December 18: Joseph, Son of David

Nativity

In today’s gospel from Matthew we meet Joseph, the husband of Mary, who has an important part in Jesus’ birth and early years.

Matthew’s gospel calls Joseph as a just man, someone who listens to God rather than to himself, and does God’s will. He’s a carpenter, the gospels say, certainly not privileged – but he’s a “son of David” from the royal family who gives the world a Messiah.

During their betrothal, which in Jewish tradition was more than the modern engagement we know, Joseph finds that Mary is pregnant. A just man, he struggles to find a way to divorce her quietly when, in a dream, an angel of God tells him not to be afraid to take Mary as his wife.

Here is the key part of the angel’s message: “For it is through the Holy Spirit 
that this child has been conceived in her. She will bear a son and you are to name him Jesus, because he will save his people from their sins.”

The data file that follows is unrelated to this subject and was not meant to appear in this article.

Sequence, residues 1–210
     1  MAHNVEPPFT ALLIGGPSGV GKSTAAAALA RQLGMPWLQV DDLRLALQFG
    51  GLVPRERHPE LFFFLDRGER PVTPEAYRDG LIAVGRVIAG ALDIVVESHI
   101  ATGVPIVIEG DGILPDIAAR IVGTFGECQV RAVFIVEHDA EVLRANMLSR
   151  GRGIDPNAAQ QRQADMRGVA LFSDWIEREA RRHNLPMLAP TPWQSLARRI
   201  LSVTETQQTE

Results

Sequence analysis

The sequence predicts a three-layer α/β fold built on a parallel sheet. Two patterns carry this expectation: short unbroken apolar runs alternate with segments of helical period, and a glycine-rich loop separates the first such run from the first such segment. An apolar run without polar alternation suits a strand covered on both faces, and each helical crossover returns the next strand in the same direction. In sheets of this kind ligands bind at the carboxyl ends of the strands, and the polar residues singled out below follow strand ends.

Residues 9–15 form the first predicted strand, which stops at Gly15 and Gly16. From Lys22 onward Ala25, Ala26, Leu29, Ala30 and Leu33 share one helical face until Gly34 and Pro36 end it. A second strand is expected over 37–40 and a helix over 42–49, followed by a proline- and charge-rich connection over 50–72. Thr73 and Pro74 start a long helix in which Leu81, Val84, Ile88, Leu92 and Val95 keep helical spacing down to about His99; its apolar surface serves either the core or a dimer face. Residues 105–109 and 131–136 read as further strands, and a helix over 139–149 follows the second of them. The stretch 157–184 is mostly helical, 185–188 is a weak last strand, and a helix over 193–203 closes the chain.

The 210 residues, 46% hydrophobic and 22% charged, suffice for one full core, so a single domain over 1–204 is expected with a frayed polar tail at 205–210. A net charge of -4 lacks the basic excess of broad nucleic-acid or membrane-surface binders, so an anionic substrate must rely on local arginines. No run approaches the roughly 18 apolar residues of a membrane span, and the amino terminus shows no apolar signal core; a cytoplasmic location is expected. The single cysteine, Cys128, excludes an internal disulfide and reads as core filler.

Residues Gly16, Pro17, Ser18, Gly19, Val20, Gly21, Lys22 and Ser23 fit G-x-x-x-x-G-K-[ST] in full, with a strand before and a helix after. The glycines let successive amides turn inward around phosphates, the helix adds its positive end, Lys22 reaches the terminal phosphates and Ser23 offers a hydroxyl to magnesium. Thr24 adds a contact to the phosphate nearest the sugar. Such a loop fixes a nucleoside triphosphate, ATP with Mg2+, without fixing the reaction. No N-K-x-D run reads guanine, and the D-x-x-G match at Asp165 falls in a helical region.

Like Mary, Joseph believes God’s message. Like Mary, he sees more than human eyes and a human mind see. “When Joseph awoke, he did as the angel of the Lord had commanded him and took his wife into his home.” He believed what we say in our creed: “(Jesus) was conceived by the Holy Spirit, born of the virgin Mary.” Jesus became one of us, God was with us.

Artists early on pictured Joseph with his head in his hands, listening in sleep to the angel’s message. In a dream later he heard the angel telling him to take the child and his mother to Egypt to escape Herod, the king. He was a man of great faith.